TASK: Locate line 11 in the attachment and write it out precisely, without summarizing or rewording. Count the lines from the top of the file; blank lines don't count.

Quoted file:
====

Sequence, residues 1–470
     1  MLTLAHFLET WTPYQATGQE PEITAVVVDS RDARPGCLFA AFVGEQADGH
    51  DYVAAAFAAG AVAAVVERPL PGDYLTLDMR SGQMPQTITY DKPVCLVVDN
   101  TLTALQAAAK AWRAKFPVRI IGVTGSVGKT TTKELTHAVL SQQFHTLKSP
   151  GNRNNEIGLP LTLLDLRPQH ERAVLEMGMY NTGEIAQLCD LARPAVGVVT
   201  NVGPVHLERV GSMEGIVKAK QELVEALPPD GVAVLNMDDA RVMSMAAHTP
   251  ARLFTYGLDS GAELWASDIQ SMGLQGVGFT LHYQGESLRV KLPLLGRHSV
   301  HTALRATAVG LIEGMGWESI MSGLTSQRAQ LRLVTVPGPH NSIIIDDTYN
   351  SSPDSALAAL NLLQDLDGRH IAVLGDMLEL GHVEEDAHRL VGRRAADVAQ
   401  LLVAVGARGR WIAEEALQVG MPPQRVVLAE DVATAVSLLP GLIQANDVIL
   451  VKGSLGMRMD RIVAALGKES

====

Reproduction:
   451  VKGSLGMRMD RIVAALGKES